AUGUSTA — Weather forecasters said Thursday a slow-moving storm is expected to bring wind and rain to central Maine that could continue from Thursday night through Saturday morning.

In areas across central Maine, including Augusta and Skowhegan, between 3 and 4 inches of rain could fall.

Coupled with gusting winds of up to 35 mph, the storm is expected to bring down leaves that could create slippery driving conditions and clogged storm drains.

As of Thursday, a flood watch encompassing most of the state had been issued from 8 p.m. Thursday through 8 p.m. Saturday, as was a wind advisory for portions of south-central Maine from 3 a.m. to 3 p.m. Friday.

“This is a significant rainfall, and we are keeping our eye on the records,” said Sarah Thunberg, a meteorologist with the National Weather Service office in Gray.

The forecast calls for rain beginning in central Maine at about midnight Thursday and continuing through Saturday morning, Thunberg said.


The rain is the result of a cold front moving slowly through the region that is creating conditions likely to produce much rain.

“Generally, when we get a cold front, it just uses up the rain and the moisture that’s already in the atmosphere, ” Thunberg said.

With this system, she said, the air is coming straight up from the south and likely to feed the rain, creating more moisture as the cold front moves east across the region.

“The hose is not getting shut off,” she said. “It’s just going to keep supplying more and more moisture so the water is not going to be depleted from the atmosphere.”

The orientation of the system along the western mountains will only enhance the effect, and rainfall totals of 6 inches or more are in the forecast.

Chief Joshua Johnson of the Pittston Fire Department said there will be flooding if the region sees the amount of rain in the forecast.


“Hopefully, everybody’s got their loose trees and that sort of stuff cleaned up,” Johnson said. “That’s always a problem every year at this time.”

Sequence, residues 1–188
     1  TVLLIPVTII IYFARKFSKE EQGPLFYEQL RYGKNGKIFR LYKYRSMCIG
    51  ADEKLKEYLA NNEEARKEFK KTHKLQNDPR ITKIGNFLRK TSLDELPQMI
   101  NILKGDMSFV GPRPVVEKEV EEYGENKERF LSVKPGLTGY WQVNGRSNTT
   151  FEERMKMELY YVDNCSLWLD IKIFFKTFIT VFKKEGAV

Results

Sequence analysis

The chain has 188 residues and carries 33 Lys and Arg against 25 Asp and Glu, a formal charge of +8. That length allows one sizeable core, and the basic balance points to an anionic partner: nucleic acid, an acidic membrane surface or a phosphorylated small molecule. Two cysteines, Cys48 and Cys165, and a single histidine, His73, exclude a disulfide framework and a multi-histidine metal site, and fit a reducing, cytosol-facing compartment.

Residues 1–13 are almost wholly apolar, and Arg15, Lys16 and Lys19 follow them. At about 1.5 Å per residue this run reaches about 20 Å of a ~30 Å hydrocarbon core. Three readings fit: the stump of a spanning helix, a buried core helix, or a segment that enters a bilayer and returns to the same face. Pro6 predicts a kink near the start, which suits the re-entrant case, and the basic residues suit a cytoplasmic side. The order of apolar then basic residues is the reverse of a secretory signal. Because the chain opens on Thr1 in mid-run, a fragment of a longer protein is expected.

With the strong winds that are expected, he said, leaves will be stripped quickly from trees.

“Just like snow, if you have a road covered in leaves, it’s slippery when it’s wet,” Johnson said. “My hope is that everyone heeds the weather warnings and gets their provisions in order in advance and are able to stay off the roads and let the emergency crews do what they need to.”

Thunberg suggested Mainers put away lawn furniture, clean up and secure leaves and make sure storm runoff has pathways to get to drainage areas, streams and rivers.

“Drains are going to get clogged with leaves,” she said.

Leading up to the storm, Central Maine Power Co. was preparing this week to deploy both CMP line crews and retain contractors to respond to power outages, along with 105 tree crews to respond to outages.


Kerri Theriault, senior director of Electric Operations for CMP, said in a provided statement the electricity provider for central and southern Maine will monitor where the wind is strongest and position crews as needed.

“We have been communicating with local emergency management officials,” Therriault said, “to understand their priorities for road clearing in the event downed lines prohibit emergency vehicles as that is always our priority in responding.”

Art True, director of the Kennebec County Emergency Management Agency, said the biggest concern from this storm is safety in the event of flooding. He cautioned people against walking or driving through flooded areas.

Thunberg said cold season storms differ from warm season storms.

Where summer storms tend to pop up with locally intense rainfall, the seasonal shift to cooler conditions bring storms that are more widespread. And in central Maine, autumn often ushers in large storms with historic rainfall.

In Augusta, for example, 6.66 inches fell over a two-day period beginning Sept. 17, 1999, Thunberg said. In 2005, 6.22 inches of rain fell Oct. 9, and in 2015, 5.71 inches rain fell Sept. 30, followed by about 4 inches the following day.

With this first major storm of the season, Johnson also advised people know how and where to use their generators in case of power outages. A top priority is preventing carbon monoxide from entering homes.

“Generator safety is a huge concern for us every year,” he said. “People get sick or worse because power goes out and they run their generators too close to the home or they put them in the garage.”

In those cases, the wind can blow carbon monoxide into homes, creating dangerous conditions.

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